The Art of the Vintage Picnic
Katherine Stolz Barber
The Vintage Kitchen
Twentieth century foodie, gourmand and all around good cook, James Beard declared that “picnicking is one of the supreme pleasures of outdoor life.” Indeed. No other dining experience seems quite so decadent. The fresh air, the natural setting, the creative food choices, the deliciously idle intentions. Picnics have a wonderful way of engaging all of our senses in such a fantastic way. It’s almost overwhelming.
Those first few moments at picnic’s start – when you are dizzy with the view and the weather and the notion of doing nothing but relaxing and reveling in food and friends – is satisfaction enough. But then a truckload of simple delights follow one right after another. There is that liberating sensation of kicking off shoes and wiggling bare toes in soft grass. The crisp, snapping action of the picnic blanket as it unfurls from containment, joyfully sailing on the breeze before floating to the ground. There is the laying out of the carefully wrapped food parcels and the first sip of a celebratory toast. The giddy laughter, the bird songs, the sound of leafy trees dancing on the breeze… suddenly you are aware of the musical vitality of nature and yourself in it.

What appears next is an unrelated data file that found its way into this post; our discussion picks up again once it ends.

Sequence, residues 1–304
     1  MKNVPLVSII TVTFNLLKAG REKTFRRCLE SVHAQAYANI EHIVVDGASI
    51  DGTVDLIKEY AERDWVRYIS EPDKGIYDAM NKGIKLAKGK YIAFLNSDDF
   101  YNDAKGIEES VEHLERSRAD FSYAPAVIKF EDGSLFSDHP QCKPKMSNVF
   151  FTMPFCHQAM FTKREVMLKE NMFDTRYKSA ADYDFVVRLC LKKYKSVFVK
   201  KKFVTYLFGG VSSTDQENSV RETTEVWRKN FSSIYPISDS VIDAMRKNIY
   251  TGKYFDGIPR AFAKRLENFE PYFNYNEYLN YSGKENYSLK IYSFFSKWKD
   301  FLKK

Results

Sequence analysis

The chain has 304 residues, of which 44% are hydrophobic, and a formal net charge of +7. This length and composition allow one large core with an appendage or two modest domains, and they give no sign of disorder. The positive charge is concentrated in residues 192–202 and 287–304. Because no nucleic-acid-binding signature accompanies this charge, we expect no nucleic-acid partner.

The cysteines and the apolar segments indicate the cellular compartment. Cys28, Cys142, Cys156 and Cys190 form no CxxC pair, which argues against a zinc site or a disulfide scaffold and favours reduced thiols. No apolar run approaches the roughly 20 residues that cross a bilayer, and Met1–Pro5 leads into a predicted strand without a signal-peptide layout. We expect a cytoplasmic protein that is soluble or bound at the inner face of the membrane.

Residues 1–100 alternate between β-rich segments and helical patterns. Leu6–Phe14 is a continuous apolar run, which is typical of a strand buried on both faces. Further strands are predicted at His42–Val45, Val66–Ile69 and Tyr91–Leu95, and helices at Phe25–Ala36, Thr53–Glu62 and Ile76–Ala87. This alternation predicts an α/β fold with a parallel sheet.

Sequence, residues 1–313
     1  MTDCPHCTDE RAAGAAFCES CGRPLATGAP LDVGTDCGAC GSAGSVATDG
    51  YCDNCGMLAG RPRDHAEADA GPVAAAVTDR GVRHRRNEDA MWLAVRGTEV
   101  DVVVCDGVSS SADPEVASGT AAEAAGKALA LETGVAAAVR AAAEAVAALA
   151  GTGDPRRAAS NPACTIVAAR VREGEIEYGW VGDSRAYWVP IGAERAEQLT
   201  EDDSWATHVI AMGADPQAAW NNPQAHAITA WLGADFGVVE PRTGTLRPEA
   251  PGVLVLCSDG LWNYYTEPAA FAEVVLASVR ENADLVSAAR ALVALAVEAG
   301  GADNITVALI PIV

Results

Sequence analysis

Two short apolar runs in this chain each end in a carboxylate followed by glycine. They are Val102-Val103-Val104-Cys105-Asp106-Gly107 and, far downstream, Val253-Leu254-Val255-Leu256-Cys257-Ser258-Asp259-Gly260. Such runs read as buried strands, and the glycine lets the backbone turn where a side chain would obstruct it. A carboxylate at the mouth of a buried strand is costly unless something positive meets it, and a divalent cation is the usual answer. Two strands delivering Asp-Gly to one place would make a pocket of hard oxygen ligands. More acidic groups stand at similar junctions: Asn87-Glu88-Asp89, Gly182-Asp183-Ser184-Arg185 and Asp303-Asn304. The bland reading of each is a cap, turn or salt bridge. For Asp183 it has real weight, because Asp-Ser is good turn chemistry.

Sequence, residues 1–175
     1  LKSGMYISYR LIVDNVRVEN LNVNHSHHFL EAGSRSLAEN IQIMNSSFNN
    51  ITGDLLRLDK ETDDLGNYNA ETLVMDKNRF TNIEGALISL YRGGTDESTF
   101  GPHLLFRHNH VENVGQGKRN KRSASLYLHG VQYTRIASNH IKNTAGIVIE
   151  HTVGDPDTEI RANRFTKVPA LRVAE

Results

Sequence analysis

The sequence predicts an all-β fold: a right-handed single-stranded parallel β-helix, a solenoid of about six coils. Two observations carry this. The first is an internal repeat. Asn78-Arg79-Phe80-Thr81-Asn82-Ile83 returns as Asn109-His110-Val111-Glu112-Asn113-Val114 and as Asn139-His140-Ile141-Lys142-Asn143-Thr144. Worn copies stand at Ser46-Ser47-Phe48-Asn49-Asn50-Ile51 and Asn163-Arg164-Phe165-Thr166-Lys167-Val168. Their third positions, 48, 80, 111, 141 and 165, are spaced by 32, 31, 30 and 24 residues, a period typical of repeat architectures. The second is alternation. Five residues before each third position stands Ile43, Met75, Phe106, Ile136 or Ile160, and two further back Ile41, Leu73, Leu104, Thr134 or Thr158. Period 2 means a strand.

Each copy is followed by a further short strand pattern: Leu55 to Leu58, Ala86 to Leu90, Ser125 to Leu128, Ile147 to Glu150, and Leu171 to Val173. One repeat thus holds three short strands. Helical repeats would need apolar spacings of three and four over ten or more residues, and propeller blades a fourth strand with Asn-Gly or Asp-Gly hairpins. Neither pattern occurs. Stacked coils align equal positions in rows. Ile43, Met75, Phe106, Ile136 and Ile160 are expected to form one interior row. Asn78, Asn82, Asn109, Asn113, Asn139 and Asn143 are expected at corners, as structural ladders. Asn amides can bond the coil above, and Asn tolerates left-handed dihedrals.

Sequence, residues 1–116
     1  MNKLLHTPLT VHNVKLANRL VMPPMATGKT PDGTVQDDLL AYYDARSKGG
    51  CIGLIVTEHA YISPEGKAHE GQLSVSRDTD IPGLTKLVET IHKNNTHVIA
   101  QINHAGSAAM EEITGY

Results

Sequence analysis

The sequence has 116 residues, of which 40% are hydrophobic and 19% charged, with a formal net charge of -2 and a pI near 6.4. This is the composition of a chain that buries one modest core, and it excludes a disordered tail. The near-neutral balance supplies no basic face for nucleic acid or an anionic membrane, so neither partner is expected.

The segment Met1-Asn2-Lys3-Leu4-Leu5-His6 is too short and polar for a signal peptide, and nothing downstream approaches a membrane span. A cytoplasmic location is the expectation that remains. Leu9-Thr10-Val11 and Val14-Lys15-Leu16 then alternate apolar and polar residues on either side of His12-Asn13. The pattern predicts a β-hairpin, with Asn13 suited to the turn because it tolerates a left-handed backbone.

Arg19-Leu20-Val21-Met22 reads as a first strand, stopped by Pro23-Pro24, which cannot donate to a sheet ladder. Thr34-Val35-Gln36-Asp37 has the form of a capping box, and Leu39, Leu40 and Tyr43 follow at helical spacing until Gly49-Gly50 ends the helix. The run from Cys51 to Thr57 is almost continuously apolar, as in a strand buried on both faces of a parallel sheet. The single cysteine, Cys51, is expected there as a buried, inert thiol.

On a picnic, the world shines newly bright with details mostly overlooked in the hustle bustle routine of everyday life. It is an activity that encourages you to stop and to breathe and to melt – into your surroundings, into your friends, into the food that makes up your lunch or your dinner or your breakfast time snack. Yes, picnics are a triumphant and pleasurable experience. And there’s no better season for them then right now. In today’s post, we will be discussing the art of of the vintage picnic – how it came to be, how it shaped us, and why we still need to celebrate it now. Highlighting a handful of old, but still very relevant recipes, this post also offers suggestions on how to build your own vintage picnic experience so that you too can succumb to the relaxing style of outdoor eating that our ancestors favored so long ago. It’s history in a most delicious form, unveiled, just as we are about to round the corner towards the 4th of July, the most popular picnic holiday of the year.